A girl is about to inherit a fortune, but she is missing in Africa. Only then, family charges Congo Bill, an adventurer, to find her, and bring her back to civilization. He follows a legend about some White Queen, but his path is full of difficulties, by an inhospitable jungle, and the man who will lose the fortune if the girl is found alive.
Columbia's 33rd serial (made between "Jack Armstrong" and "The Sea Hound") was based on the character that first appeared in "Action Comics" No. 42, who was a radio singing cowboy who ... See full summary »
Based on a successful comic book that began in 1941, the Blackhawks were seven flyers who banded together during WW II to fight the Nazis. After the war, they continued to fight evil where ... See full summary »
Professor Davidson (Frank Shannon) and his daughter Diana (Jeanne Bates) search Africa for the Lost City of Zoloz, reputed to be the source of a large hidden treasure. Also searching is a ... See full summary »
Though Republic had the best stunt men in the business on hand, with the likes of Carey Loftin and David Sharpe and even Yakima Canutt, star Kane Richmond, who was quite an athlete, often insisted on doing his own stunts as "Spy Smasher" (this was back in the days when insurance issues were a lot more loose on movie sets). See more »
Chapter nine: You saw Jack puncture a hole in the "Armored Car". I don't believe it can be done, not with 1940s technology anyway. See more »
[while on patrol, Jack and Spy Smasher spot a suspicious boat]
That's the third buoy they've picked up.
It's high time we got better acquainted!
See more »
Opening credits are depicted as ...-, Morse code for V (victory), and the searchlights form a "V". See more »
The old-time movie serials should never be judged by the same criteria of other films, even those made at the same time period. The serials were invariably outrageous, over-the-top, often ridiculous. But unlike Adam West's 'Batman' the serials were never self-conscious or deliberately campy. Although many serials featured a mildly humorous characters such as Jimmy Olsen or Whitey Whitney to provide occasional comic relief, on the whole, the actors and directors played everything straight and extremely earnest, no matter how absurd the situation or the scene. They did their best at every test.
The old movie serials were made with practically zero budget and at a forced-march pace, shooting in two days what would take 6 months under modern conditions. Those factors, combined with the primitive special effects then available and outdated cinematic conventions, give movie serials a look and feel unlike anything made in the last 52 years.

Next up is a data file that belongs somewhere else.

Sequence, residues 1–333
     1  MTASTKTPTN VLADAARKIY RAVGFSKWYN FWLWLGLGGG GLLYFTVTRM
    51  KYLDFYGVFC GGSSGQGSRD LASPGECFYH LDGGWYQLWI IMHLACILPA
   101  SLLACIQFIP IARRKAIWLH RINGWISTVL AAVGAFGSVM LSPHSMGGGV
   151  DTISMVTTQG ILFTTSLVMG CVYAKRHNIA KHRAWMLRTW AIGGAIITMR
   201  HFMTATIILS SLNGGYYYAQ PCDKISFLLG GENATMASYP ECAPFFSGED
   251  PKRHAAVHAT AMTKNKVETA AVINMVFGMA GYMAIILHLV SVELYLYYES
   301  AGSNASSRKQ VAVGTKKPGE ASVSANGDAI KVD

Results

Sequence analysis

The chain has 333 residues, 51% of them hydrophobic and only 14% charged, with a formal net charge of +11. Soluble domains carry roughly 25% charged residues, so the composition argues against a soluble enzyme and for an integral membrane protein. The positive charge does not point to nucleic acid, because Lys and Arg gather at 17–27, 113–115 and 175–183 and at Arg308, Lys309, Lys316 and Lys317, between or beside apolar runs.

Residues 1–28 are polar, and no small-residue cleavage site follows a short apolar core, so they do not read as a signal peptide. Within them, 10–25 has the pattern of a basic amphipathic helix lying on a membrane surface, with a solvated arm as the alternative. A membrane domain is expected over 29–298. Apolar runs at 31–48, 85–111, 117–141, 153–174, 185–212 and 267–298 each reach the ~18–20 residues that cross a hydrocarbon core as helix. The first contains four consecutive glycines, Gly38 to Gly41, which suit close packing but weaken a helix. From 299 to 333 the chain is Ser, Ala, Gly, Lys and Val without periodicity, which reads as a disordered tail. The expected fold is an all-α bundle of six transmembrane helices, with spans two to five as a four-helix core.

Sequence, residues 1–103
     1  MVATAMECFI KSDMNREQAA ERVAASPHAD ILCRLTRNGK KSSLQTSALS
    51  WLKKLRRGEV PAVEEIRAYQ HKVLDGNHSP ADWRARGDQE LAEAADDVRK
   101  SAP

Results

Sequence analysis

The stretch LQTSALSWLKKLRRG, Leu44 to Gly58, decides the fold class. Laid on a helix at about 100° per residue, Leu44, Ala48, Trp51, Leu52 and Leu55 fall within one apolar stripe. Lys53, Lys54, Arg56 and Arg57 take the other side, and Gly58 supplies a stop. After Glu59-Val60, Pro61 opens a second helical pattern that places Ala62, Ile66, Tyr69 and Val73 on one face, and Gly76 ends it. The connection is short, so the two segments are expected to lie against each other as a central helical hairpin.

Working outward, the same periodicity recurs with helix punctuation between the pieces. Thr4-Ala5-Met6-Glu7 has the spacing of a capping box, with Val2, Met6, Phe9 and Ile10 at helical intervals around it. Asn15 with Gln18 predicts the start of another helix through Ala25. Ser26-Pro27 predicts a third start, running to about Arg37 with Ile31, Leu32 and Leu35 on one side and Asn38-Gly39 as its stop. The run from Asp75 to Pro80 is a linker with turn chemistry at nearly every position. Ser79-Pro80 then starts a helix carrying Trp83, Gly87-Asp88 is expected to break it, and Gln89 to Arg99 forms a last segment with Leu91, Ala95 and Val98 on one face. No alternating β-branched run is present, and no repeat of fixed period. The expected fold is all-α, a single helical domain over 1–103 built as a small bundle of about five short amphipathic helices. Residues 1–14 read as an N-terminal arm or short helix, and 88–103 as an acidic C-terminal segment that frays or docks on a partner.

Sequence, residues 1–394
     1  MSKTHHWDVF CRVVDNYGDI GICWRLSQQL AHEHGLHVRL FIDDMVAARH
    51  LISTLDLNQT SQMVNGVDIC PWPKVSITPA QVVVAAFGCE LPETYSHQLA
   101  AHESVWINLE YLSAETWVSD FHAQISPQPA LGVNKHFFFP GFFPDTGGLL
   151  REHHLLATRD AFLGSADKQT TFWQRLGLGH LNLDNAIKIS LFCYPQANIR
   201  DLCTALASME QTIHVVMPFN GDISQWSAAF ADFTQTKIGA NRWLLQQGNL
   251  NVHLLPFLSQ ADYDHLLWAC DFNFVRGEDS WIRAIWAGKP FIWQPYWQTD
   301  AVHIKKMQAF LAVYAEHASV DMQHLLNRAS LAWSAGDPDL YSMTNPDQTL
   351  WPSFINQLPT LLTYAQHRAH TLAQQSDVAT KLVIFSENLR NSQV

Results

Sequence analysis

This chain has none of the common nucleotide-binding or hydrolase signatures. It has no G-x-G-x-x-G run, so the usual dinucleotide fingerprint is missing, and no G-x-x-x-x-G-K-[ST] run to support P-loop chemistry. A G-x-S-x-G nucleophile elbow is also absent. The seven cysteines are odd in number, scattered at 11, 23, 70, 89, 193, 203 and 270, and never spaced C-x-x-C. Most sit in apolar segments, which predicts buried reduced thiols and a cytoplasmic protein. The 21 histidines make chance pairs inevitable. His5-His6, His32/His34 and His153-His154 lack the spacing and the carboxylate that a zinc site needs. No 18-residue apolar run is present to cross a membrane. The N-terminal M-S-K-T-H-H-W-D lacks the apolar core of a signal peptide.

The final thing a modern person should know before watching an old serial is that 1940's movies had a more realistic vision of the male body than modern Hollywood. The men of this era had survived the depression (and later, WWII). When they were hungry, they ate meat and potatoes. The tough guys of this period lifted barbells and did push-ups, but they didn't have Soloflex, Nautilus, implants or steroids. Think about the last time you went to the beach: how many real world guys were built like Daniel Craig? In summary, it is best to watch the old serials from the perspective that you are looking at some kind of alternate reality, so as to suspend some of the prejudices of the modern cinema. Or perhaps as though one were a tourist in a foreign country: rather than seeing the differences as bizarre or deficient, but instead as being novel, interesting, and sometimes wondrous.
I have seen about 20 serials in my life, and 'Spy Smasher' is hands-down the best. Kane Richmond made an excellent hero and pulled off the double (or is it triple?) role very nicely. The action is well-paced, the special effects and sets, are, by serial standards, excellent. The fight scenes, cliff-hangers, and escapes are all the absolute best I have seen in any serial. The creativity and ingenuity used to choreograph the fight scenes are truly wondrous. If you are familiar with the 'Indiana Jones' films, you can literally see numerous instances where Spielberg borrowed and extrapolated from Spy Smasher.
And although the fight scenes are masterfully choreographed and have great stunt-work, they are much more plausible (therefore more interesting) than the kind of CGI/steroid-assisted stuff you see in modern action movie, in which human beings no longer seem bound by any biological or physical limits, being instead endowed with the powers of a video game.
There are a number of dramatic surprises as well, including some understatedly somber moments. Without spoiling too much, I will say that mortality is a factor.
The opening credits to each chapter, which feature the Morse Code signal for Victory, the opening notes of Beethoven's 5th, and an image of searchlights crossing the sky, accurately evoke the Churchill/Roosevelt mentality of the dark early days of WWII, the summoning up of righteous courage. This undercurrent of the real war, the outcome of which could not yet be known, gives Spy Smasher a resonance not found in other serials. But despite the influence of the historical moment, Spy Smasher is still predominately an escapist joy ride. Which is a good thing.
7 of 7 people found this review helpful.
Was this review helpful to you?